Observation and Interpretation


A few weeks ago a good friend of mine pointed me to a book he had just read and was enthusiastic about. Since the book is in German and is so recent that no English translation is as yet available, I hesitated whether I should order it. However, I overcame my hesitancy and ordered it through bookdepository.com—a British internet bookseller that I have found to be very good. [The advantage when compared with amazon.com is that they do not charge any postage for shipments anywhere in the world!] The book is written by someone called Martin Urban, and is entitled: Ach Gott, die Kirche: Protestantischer Fundamentalismus und 500 Jahre Reformation (Oh God: the Church: Protestant Fundamentalism and 500 years of Reformation).

I find reading German more difficult than reading Dutch and English, and it will therefore take a while before I will hav it read this book in its entirety, the more so since I will be quite busy in th next few weeks with appointments in my own country, and in Germany, Belgium, Denmark and the US. But I can usually still find a little bit of time for reading.

In the first few short chapters I found a few items that I found vry interesting. One of those things was captured in the header above one particular paragraph in chapter 2: Zehn Prozent Beobachtung, neunzig Prozent Deutung. Literally translated: Ten percent observation, ninety percent interpretation. The author argues that usually our opinions are formed through a rather uneven process. He bases this on insights he acquired as a scientist, and as a journalist who grew up in a family of theologians.  The way we form our opinions, he says, is to a major extent the result of how our brains function. W have our senses through which we absorb information, but then our brain takes hold of this and begins to interpret on the basis of earlier experiences and all kinds of influences, many of which we are not even aware of. This, in the end, determines what we think about a given topic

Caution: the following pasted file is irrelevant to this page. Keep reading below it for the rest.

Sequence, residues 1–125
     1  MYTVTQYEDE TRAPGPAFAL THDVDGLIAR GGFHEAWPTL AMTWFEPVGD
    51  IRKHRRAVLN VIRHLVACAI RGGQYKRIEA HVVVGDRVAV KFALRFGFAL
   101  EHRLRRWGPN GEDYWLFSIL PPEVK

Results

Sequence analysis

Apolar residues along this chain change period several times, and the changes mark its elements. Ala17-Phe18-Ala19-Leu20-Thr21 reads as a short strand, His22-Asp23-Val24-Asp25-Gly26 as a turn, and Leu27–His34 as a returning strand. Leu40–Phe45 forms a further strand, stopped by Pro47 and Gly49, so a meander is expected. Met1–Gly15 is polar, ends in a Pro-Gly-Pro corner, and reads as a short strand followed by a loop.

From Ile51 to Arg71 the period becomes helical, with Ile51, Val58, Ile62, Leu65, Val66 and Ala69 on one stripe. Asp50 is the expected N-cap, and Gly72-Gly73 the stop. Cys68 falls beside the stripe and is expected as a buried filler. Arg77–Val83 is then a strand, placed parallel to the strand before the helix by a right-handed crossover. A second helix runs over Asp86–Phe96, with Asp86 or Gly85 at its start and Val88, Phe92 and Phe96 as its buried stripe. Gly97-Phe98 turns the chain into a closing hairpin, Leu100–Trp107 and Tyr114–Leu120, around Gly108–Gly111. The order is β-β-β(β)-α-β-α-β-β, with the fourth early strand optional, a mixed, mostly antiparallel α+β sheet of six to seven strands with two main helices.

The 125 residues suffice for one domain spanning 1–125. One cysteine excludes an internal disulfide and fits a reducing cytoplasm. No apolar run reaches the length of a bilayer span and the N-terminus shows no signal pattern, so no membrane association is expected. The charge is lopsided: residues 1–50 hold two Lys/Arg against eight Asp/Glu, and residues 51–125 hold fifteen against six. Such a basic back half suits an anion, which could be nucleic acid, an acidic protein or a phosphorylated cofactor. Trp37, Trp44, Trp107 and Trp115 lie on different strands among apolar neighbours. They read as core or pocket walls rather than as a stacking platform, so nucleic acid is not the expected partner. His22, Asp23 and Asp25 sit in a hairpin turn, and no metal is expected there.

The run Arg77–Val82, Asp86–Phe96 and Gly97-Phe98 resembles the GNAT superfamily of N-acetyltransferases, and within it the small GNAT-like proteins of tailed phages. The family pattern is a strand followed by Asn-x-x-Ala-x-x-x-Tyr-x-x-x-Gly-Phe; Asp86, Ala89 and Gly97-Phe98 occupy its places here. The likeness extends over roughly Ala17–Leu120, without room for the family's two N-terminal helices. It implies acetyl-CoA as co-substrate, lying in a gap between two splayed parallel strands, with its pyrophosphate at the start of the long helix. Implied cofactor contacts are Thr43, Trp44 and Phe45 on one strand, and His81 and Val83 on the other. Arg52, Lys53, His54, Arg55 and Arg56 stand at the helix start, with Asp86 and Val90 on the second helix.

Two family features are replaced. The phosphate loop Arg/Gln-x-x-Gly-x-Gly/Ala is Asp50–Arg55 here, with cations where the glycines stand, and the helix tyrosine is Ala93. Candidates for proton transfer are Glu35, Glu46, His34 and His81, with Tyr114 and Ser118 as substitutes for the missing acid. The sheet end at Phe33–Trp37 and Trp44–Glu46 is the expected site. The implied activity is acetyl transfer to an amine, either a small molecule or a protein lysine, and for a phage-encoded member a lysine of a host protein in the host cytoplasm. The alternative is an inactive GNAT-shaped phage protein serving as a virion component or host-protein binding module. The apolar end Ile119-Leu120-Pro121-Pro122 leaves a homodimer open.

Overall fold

I have no idea whether Mr. Urban is totally right and whether this 10-90 relationship can be scientifically proven. However, I believe he is certainly right in his argument that we are in most instances far less objective than we realize. It would be very desirable if,  in forming our opinions, we would be much more aware of our background and personal history, our wishes, interests and the intellectual baggage we carry along. Often unawares, we sift the information that comes at us, and we select from it what we find attractive or useful and pay less, or no, attention to what we do not like or do not find useful.

We currently see a vivid illustration of this in the United States. Trump-fans see their president in a totally different way whn compared to the people who are completely fed up with him. The anti-Trump camp immediately notices anything that confirms and will reinforce that negative view. I admit that, even though I do not live in the US, in am in that latter category.

A Seventh-day Adventist sees and interprets many things that happen around us differently from how a non-believers with another background sees these. Usually there is no careful analysis, but an opinion is quickly formed. Our background is quick to add the ninety percent of interpretation to the ten percent observation. The same is true for different streams in the church. And this is precisely what hampers any dialogue. We see, hear and read selectively. We absorb what fits into the framework we already have and interpret this within the context of what we already (think) we know. ‘Liberals’ accuse their often more conservative fellow-believers that they operate according to this process. But ‘liberals’ should also be willing to admit they often do the same.

Of course, this cannot be applied to every individual in equal measure and not all of us will fit into such a 10-90 pattern. And, fortunately, there are many people who do their best to be as objective as they can be. However, the realization that much of what we observe is colored by our (often subconscious) selection of what we take in, before we subject this to our interpretation, that has also been colored by all kinds of factors—that realization should urge us to be less dogmatic, to more often doubt our own correctness, and to give one another more space for having different thoughts.